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Using Python and Streamlink to Download Twitch Livestreams

Photo by Stanley Li on Unsplash

Introduction + Prerequisites

Want to download Twitch streams in real time instead of waiting for the entire recording to be available? Are you an editor and want to speed up turnaround time for creating YouTube content and compilations from your streams?

This is going to be a quick and easy Python project with a lot of use cases and ways you can build upon it. Let’s start with the prerequisites you’ll need to get started:

  1. Install Python: anything version ≥ 3.8
  2. Install Streamlink with pip3: pip3 install ‘streamlink>=2.2.0’
  3. Install ffmpeg

Now all of our dependencies installed and ready to go.

Next, we need to register our application with Twitch to get a client ID and secret. Head over to the Twitch developer console and register a new application. Once that’s done, you should now have an ID and secret to use.

Python Wrapper for Twitch and Streamlink

Thanks to the power of open source and GitHub, we don’t need to write our own Python wrapper for using the Twitch API and Streamlink. We’ll basically be using the script in this repository and adding our own configuration. I found this repository while writing my own Python script. It’s already well written and documented so I scrapped mine. Go ahead and clone that and give it a star :).

In config.py, add a path you want to download the livestream to, the Twitch username of who you want to record, and your client ID and secret.

If we take a look at twitch-recorder.py, we see that the script pulls in the configuration file and checks our client credentials. It also checks if the username’s stream is online before starting up Streamlink to begin downloading.

If we follow the README, running:

python3 twitch-recorder.py

should be all we need to start recording. Note, if this doesn’t work, go back to the previous section and make sure all of the dependencies and Twitch credentials are correct. Personally, I needed to update Streamlink to version 2.2.0 for it to work with Twitch.

Next Steps

The Python script we have created is insanely simple. It simply starts a Streamlink recording process with the given parameters. However, because we now have a Python wrapper for Streamlink, we can expand on this script in a variety of ways. I’ll leave it up to you to implement these yourself, but here’s a list of things you can try:

Integrate with the Twitch API

Integrating with the Twitch API allows you to do a bunch of cool things such as:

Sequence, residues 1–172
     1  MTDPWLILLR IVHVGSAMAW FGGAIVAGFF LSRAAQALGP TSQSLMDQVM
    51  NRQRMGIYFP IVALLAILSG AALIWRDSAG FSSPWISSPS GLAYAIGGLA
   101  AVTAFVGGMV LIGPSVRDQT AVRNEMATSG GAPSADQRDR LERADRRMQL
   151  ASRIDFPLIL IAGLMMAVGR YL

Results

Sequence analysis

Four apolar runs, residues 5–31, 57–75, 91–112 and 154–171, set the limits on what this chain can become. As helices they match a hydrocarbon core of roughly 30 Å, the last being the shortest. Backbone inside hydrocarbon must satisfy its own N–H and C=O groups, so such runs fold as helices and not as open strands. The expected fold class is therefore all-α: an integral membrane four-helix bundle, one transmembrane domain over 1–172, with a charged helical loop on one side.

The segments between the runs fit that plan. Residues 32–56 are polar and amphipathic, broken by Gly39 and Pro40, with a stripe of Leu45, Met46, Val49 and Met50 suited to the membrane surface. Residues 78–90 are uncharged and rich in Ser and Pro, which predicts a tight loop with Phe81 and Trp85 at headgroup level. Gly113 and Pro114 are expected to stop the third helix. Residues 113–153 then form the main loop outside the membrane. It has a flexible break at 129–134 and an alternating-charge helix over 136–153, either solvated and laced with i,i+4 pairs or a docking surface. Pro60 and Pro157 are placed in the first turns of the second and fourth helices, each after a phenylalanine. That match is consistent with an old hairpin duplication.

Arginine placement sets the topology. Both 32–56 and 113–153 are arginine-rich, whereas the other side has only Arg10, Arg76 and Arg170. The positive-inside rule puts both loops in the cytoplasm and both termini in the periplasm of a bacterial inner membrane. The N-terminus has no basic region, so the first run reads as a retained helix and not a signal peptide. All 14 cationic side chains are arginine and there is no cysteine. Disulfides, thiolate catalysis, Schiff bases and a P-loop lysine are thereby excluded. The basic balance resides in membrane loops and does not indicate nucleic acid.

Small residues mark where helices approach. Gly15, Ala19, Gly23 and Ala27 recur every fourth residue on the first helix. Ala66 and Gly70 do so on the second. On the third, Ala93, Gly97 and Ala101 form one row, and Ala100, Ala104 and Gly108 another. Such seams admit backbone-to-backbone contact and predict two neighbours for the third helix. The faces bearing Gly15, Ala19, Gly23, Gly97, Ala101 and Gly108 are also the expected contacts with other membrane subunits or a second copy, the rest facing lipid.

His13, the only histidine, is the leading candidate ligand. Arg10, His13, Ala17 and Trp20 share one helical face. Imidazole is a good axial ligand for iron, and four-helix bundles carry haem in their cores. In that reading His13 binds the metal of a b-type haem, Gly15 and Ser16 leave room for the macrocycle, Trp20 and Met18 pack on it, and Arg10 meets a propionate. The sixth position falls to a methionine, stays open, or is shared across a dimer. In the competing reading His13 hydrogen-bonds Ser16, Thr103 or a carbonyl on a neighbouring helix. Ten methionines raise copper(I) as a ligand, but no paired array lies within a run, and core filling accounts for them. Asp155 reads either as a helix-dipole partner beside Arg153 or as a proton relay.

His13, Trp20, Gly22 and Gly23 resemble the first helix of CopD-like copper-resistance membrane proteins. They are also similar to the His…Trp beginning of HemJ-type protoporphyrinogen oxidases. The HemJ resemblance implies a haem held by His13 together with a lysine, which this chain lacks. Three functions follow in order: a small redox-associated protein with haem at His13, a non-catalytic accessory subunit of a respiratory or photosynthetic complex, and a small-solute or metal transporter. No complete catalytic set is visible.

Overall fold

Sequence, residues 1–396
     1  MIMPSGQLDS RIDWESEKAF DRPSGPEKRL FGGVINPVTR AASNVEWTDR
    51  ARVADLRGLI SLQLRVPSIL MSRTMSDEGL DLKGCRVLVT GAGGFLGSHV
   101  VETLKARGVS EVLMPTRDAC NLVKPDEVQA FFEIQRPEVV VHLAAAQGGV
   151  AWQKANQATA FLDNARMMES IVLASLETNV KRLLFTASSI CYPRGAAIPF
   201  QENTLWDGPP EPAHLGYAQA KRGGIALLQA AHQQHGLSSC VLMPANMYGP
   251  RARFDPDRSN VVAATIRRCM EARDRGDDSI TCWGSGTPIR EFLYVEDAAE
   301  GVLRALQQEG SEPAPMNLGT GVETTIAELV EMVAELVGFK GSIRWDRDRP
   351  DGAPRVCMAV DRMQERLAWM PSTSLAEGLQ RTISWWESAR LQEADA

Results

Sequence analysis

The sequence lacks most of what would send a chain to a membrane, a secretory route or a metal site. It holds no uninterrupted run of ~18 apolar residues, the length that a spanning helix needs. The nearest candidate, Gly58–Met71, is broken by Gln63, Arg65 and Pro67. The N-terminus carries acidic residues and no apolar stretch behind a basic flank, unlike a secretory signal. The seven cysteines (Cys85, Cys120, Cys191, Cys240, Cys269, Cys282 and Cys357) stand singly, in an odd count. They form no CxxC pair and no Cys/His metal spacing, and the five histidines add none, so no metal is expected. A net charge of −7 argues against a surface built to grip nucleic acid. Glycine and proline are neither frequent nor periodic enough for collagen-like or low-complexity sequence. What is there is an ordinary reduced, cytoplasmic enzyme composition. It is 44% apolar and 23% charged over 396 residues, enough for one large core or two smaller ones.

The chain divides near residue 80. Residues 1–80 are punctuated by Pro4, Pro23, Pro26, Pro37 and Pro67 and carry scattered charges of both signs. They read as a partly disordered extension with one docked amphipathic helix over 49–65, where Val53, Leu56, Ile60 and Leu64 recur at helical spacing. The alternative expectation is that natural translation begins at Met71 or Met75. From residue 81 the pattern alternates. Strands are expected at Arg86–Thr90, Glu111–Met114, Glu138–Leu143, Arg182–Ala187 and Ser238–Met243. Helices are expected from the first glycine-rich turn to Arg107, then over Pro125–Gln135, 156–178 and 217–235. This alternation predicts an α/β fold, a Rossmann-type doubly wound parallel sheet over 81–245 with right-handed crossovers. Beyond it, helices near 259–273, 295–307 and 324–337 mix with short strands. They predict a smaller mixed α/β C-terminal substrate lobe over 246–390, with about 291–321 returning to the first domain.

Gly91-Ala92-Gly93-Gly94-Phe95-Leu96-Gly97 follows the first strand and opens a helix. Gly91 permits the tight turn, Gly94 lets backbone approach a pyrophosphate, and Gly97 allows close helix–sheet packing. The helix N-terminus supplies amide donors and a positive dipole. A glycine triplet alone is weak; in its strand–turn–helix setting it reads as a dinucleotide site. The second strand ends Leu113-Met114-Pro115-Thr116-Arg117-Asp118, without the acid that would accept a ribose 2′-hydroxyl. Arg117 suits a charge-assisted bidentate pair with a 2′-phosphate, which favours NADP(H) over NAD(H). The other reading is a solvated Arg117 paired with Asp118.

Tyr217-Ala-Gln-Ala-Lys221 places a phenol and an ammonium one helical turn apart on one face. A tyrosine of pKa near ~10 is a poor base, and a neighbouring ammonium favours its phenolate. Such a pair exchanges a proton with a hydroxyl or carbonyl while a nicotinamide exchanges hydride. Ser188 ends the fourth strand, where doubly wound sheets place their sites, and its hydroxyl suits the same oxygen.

• Listen for when a specific streamer has gone online
  • Listen for when a streamer changes the stream category/title
  • Read Twitch chat

By subscribing to channel events such as when a channel goes live and when it is offline, you can start recording the livestream at the right time and not miss and portions of it. We can also choose to record only when the streamer is streaming a specific category such as “Just Chatting”. This would require a server or an always-running script to subscribe to channel events.

Record Multiple Streams at Once

If you’re an editor for multiple channels or you just have multiple channels you’re interest in, you can record multiple streams at once by modifying the Python script to spawn multiple Streamlink recording processes at once for each desired stream. Doing this would be cool for compiling multiple POV’s for multiplayer games. For example, games like GTA where several streamers hop on the same server and role play together would be a good use case for this.

Sharing Recordings

If you’re part of a team of editors or content creators, you can set up a file sharing server and record the streams there so everyone can access them without recording themselves.

Video Processing

To further automate your editing process, try using Python to do some simple editing tasks. MoviePy is a Python library for common editing tasks such as cutting. This can be used for things like cutting the video whenever there is a change in stream title.

Conclusion

In summary, we were able to use Python and Streamlink to record livestreams from Twitch in real-time. This has a lot of applications and helps speed up the content creation and editing process. Hopefully you learned something from this short project and are inspired to build new things with it!

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